Slave Haven Underground Railroad Museum#10 in Best Things To Do in Memphis
You'll get a different perspective of Memphis history if you spend some time at the Slave Haven Underground Railroad Museum, which draws visitors back to the pre-Civil War era. Also known as the Burkle Estate (after the former owner, Jacob Burkle), the main house features artifacts portraying life in the South during the days of slavery. Also a stop along the Underground Railroad, the house is filled with secret passages and trap doors used by runaway slaves attempting to flee north to freedom.
Recent visitors agreed this is a worthwhile stop even if you aren't a history buff. They said the tour guides were informative and engaging and described the experience as a "moving history lesson," especially for children. Travelers warned that the neighborhood is a bit "run-down," but they also said that shouldn't deter you from visiting.
Located a little more than a mile north of downtown Memphis, the Slave Haven Underground Railroad Museum's hours vary by season, but generally it is open from 10 a.m. to 4 p.m. Parking is plentiful and admission costs $12 for adults and $11 for college students, seniors and kids ages 4 to 17. According to recent visitors, paying in cash is appreciated. For more information, visit the museum's website.
More Best Things To Do in Memphis
#1 National Civil Rights Museum - Lorraine Motel
Recent travelers agreed the National Civil Rights Museum should be at the top of anyone's list of things to see in Memphis. Housed in the Lorraine Motel where Martin Luther King Jr. was assassinated on April 4, 1968, the museum features multimedia presentations on the civil rights movement. With the help of 260 artifacts, more than 40 films, oral histories, interactive media and external listening posts, visitors are guided through five centuries of history. During your self-guided tour, you'll view artifacts paramount to the movement, such as a Greyhound bus ridden by Freedom Riders. You'll also have the chance to see King's motel room, where he spent his final hours.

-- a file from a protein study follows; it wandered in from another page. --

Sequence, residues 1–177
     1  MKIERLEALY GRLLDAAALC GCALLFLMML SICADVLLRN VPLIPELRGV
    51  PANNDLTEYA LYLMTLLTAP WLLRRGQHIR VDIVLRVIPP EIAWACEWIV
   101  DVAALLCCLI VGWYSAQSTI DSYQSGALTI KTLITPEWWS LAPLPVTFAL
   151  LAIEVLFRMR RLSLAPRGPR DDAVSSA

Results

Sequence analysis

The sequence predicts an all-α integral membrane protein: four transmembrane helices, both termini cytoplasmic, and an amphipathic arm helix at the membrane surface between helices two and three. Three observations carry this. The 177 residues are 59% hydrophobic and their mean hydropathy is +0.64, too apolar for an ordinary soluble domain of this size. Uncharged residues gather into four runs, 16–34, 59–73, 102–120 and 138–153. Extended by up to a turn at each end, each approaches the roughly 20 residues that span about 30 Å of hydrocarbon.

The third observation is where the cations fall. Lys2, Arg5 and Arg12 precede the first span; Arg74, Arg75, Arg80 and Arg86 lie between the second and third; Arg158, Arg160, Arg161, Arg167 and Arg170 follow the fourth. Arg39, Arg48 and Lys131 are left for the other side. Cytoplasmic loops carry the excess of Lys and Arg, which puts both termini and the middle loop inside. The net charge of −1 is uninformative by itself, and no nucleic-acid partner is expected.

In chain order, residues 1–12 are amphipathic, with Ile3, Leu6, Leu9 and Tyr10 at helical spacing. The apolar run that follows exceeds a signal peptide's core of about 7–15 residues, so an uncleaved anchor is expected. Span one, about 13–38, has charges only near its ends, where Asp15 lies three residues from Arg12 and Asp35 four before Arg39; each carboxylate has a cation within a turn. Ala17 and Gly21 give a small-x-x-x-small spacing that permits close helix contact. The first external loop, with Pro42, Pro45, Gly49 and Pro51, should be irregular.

Reviewers described the museum as "surreal" and "incredbily moving." They went on to note the staging of the exhibits is "top-notch" and said the museum helped put seminal events of the period into context for a better overall understanding of the movement. Visitors should budget at least two to three hours to tour the entire facility.
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